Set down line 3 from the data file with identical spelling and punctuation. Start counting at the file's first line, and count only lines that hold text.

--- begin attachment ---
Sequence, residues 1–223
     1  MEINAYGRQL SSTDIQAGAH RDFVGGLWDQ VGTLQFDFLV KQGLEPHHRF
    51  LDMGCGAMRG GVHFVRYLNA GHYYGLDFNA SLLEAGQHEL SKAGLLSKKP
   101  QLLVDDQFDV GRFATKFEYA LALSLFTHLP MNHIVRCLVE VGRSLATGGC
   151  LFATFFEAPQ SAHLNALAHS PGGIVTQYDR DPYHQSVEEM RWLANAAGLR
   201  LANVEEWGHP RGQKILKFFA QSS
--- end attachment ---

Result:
    51  LDMGCGAMRG GVHFVRYLNA GHYYGLDFNA SLLEAGQHEL SKAGLLSKKP